This fixation on stopping bad things — as opposed to stopping bad people or bad behavior — goes beyond keeping air travel safe from al-Qaeda. On the international stage, it shows up in campaigns to reduce strategic arsenals and destroy nuclear warheads, regardless of the moral caliber of the governments possessing them. …

More recently, the shrill demands for more restrictions on guns in the wake of the Newtown massacre have been a classic illustration of the phenomenon. …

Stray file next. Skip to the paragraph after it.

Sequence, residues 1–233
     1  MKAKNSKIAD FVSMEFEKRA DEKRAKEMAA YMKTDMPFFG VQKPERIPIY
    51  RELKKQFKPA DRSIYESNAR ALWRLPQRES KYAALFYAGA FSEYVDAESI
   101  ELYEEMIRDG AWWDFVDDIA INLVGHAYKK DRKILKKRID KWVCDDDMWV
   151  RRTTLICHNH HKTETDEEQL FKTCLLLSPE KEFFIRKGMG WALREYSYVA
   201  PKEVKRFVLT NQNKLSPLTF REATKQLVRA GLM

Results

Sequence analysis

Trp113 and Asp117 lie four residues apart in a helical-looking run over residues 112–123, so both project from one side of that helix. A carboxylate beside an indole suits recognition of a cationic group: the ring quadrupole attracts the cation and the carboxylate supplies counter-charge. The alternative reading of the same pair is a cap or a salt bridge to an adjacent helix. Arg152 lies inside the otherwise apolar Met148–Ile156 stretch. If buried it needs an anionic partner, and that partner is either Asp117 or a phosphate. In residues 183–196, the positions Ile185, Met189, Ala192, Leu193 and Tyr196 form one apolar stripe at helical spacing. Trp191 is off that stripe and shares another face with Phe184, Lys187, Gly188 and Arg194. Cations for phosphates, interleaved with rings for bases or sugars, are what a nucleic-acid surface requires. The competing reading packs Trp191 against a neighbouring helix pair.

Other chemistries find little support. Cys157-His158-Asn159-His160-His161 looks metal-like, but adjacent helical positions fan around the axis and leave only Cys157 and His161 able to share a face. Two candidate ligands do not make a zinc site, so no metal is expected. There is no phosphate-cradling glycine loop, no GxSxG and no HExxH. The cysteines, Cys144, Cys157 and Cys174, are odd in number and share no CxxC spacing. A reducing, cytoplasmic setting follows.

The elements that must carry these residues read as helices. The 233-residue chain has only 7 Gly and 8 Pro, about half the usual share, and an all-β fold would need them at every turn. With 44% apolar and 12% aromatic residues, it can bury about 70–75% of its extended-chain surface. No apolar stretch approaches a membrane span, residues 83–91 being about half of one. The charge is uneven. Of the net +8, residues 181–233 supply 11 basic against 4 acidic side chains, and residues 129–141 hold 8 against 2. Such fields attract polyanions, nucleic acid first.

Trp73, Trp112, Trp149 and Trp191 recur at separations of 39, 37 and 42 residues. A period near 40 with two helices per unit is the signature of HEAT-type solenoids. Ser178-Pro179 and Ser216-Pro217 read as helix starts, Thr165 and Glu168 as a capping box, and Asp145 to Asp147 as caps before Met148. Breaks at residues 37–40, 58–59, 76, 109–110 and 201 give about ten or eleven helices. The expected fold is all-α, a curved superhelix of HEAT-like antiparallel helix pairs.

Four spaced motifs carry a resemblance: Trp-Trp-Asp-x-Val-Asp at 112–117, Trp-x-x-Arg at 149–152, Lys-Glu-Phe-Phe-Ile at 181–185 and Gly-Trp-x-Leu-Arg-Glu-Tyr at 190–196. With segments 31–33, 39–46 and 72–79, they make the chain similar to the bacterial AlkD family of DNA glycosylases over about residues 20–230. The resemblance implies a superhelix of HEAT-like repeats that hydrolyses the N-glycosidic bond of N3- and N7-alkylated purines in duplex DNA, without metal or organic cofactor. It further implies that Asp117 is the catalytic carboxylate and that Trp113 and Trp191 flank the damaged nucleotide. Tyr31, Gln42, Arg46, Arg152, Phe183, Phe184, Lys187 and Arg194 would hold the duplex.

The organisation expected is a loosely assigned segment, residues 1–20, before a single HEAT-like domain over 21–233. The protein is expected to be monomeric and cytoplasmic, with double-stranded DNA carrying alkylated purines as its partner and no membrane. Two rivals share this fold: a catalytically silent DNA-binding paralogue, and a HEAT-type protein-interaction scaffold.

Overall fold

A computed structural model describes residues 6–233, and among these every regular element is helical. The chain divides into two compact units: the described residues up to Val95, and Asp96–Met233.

It is fundamental to the Judeo-Christian outlook that human beings are not naturally good. “The intention of man’s heart,” God says in Genesis, “is evil from his youth.” To use the Christian formulation, man is “fallen.” All of us are tugged by conflicting moral impulses, and whether we do the right thing or the wrong thing is up to each of us.

Peace, justice, and compassion are not the natural human condition. With rare exceptions, criminal violence can’t be blamed on external culprits. Murder isn’t caused by poverty or gory videogames or low self-esteem – or guns. Nor are wars caused by nuclear missiles, or al-Qaeda terrorism by box cutters. We fool ourselves if we imagine that by fixating on missiles and box cutters we can avoid reckoning with the cruel side of human nature.